Part 3: Placing Nodes and Scaling the Network

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Determining the placement and number of nodes needed

Quick Tip: Let CloudTrax do the work

For large installs, test your environment with CloudTrax and two or three nodes. You’ll be able to see the range and how many walls and floors you can expect to transmit through.

The number of nodes you require depends on five factors:

  1. The size of the area you need to cover.
  2. How many walls and floors you need to penetrate with mesh.
  3. The material of the walls and floors you need to penetrate.
  4. The amount of interference in your environment.
  5. The number of simultaneous users expected on the network.

While every installation is different and the number of nodes you need will vary greatly with the factors above, in general, you shouldn't exceed these parameters when planning:

Device Indoor range Outdoor range Max walls to penetrate
OM2P 75-150' 600' 3-4
OM2P-HS 75-150' 600' 3-4
OM5P-AC 40-75' 100-200' 1-2
MR1750 75-150' 600' 3-4

In CloudTrax, you'll be able to see the speed of each device and signal strength between devices (both of which decrease over distance and through walls and floors). Look for a signal strength (or “RSSI”) of at least 20, where 30+ is desirable. You can add, remove, or reposition nodes as needed at any time.

While we've tested more than 250 users on a single node in the lab, you should aim for no more than 20-50 users per node to give each user an optimal experience. The maximum number of users will vary based on your network environment, ISP connection, and bandwidth to each client device. 

With any model, it is possible to overpower dense indoor networks. However, you can turn the transmit power down through CloudTrax if you experience symptoms such as interference or dropped connections. Setting TX Power to 19 or 21 dBm typically resolves these issues. 

For large installs, test your environment with CloudTrax and two or three nodes before buying all of the nodes. You'll be able to see the range and how many walls and floors you can expect to transmit through in your specific environment. Nodes transmit in a spherical pattern—up, down and side to side—so there's no need to “aim” signals.

Here are some guidelines to help plan how many nodes are needed for your installation.

Nodes: indoors or out?

With the advent of low cost mesh technology, network design is literally turning “outside-in.” Here are some benefits of installing your nodes indoors:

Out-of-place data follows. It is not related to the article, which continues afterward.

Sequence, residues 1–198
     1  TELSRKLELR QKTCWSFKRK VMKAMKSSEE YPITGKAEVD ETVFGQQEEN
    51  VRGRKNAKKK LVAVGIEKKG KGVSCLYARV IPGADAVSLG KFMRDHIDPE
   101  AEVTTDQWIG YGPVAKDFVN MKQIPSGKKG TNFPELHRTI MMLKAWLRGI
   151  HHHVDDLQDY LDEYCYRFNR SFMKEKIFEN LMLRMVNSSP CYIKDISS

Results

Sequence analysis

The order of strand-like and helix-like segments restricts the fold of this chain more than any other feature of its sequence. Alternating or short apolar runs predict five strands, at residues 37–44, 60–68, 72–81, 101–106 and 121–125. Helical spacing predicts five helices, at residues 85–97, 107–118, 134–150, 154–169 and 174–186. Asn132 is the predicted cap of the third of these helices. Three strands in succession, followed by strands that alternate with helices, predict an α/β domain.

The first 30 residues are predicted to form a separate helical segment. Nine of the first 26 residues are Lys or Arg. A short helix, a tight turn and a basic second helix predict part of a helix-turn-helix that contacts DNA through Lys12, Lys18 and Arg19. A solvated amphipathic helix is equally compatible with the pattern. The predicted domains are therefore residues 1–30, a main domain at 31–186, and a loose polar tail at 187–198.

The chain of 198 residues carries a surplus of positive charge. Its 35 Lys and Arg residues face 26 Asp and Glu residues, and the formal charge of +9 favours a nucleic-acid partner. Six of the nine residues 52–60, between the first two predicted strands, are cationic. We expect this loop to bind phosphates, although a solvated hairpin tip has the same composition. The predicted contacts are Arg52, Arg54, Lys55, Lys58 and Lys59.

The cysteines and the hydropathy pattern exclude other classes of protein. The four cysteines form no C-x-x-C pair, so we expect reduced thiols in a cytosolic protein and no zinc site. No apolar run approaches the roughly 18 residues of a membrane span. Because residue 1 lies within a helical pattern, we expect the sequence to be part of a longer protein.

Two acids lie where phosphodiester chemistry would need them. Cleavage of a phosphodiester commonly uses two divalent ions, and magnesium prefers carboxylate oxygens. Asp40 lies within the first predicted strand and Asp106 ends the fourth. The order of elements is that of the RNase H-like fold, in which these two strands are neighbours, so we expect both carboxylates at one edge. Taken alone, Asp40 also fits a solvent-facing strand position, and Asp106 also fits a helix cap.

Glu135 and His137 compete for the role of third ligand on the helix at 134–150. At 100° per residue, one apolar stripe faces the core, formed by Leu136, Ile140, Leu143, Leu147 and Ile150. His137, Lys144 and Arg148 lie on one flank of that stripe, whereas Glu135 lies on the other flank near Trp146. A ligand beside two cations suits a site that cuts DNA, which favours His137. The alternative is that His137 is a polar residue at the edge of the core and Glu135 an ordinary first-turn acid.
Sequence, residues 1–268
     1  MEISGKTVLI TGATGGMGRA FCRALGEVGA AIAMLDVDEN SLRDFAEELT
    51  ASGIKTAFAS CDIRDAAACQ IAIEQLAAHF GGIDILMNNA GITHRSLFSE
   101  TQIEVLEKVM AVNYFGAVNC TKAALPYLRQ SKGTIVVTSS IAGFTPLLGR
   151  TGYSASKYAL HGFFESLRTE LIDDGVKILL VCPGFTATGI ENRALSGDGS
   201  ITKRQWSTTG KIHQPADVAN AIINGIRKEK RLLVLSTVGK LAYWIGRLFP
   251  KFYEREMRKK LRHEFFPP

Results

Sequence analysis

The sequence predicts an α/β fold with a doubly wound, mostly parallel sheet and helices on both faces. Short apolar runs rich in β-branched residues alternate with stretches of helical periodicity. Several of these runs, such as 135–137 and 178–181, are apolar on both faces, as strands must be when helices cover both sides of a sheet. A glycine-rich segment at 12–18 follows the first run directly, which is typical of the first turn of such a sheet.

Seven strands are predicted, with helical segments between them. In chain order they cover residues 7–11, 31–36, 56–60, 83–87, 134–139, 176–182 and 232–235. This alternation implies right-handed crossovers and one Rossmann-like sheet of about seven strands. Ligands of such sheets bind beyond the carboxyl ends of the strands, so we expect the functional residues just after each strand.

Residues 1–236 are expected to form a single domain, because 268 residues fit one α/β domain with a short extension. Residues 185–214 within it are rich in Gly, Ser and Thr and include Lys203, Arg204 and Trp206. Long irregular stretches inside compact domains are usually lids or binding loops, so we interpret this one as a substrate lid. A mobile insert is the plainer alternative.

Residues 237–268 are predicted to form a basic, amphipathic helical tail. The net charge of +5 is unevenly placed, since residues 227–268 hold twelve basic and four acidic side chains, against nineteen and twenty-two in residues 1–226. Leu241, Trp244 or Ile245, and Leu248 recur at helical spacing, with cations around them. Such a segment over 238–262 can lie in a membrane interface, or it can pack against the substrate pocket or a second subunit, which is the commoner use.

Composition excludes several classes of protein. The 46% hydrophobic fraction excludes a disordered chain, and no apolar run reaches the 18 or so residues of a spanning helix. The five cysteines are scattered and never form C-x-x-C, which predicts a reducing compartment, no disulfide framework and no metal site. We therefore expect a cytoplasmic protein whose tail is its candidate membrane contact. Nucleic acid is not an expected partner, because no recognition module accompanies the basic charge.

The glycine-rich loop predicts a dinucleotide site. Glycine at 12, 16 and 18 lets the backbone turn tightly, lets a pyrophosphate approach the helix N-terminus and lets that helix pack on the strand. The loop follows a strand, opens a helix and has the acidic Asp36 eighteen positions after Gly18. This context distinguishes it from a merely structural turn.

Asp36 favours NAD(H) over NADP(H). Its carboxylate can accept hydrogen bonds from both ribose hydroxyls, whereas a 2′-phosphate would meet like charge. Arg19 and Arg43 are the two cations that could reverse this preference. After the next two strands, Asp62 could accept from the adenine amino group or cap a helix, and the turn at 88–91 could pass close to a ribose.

• It is much less expensive to install inside rather than outside
  • Outdoor nodes often require an electrician to install power
  • Outdoor nodes often involve getting up on ladders or rooftops
  • Outdoor nodes require installation of long Ethernet cables
  • Outdoor nodes can be unsightly and often violate apartment/ condo CC&Rs
  • Outdoor nodes take your strongest signals outdoors, the opposite of what you generally want

 

Hotels and apartments:You will typically need one node for every four to six hotel rooms or apartments. This will vary depending upon the type of construction and layout. If you are in a single-story, single-row concrete/ brick/stone build, you may need one node in every second or third unit. For wood frame multistory buildings with interior hallways and small rooms, one node for every six or seven rooms may be sufficient if placed in a central hallway.

When installing multistory buildings, we recommend placing units on every second floor for both concrete and wood buildings. Copper ceilings, steel plating, cement and adobe-type materials may limit (and even eliminate) signal transmission between floors.

Coffee shops and restaurants: One well-placed node can usually cover an entire coffee shop. For restaurants or large coffee shops, you may need two or three nodes, especially if you want to cover outdoor seating areas.

Small and medium-sized businesses: One well-placed node can usually cover a small retail shop. For larger spaces, use the numbers in the table above to plan the number of access points based on the number of walls to penetrate. 

Residential neighborhoods: In residential neighborhoods, we recommend that each house have at least one node. And if the houses are especially large, you can add multiple nodes to the house to provide better coverage in every room. Wherever possible, place nodes near windows or exterior walls with a direct line of sight to the nodes in other houses. Placing some nodes outside may help extend coverage more efficiently.

Quick Tip: Test with a smartphone

Smartphones are the perfect device for testing. First, they are by far the most popular device on networks today. Second, they have a much weaker antenna than a laptop, so you’ll be able to find holes and weak spots in your network faster. A simple speed test application can show your download and upload speeds in each area of your property.

Determining a location for your gateway(s)

Gateway Users on mesh networks will lose half—or more—of their maximum speed for every hop they are away from a gateway. Therefore, you want to place the gateway(s) as central to the area you want to cover as possible. As you can see below, forcing traffic through too many hops quickly leads to very slow network speeds.

By moving the gateway from one end to the center, as shown below, you can improve the maximum potential speed on the outer reaches of the network by a multiple of four.

If most of your repeaters have a direct (or single “hop”) connection to the gateway, their speed is maximized. The easiest way to accomplish this, is to put your DSL/cable/fibre connection as close to the middle of the area you want to cover as possible.

Quick Tip: Using RSSI to position nodes

From the Access Points map view in CloudTrax, click on any node to see its name, throughput and connection to other nodes.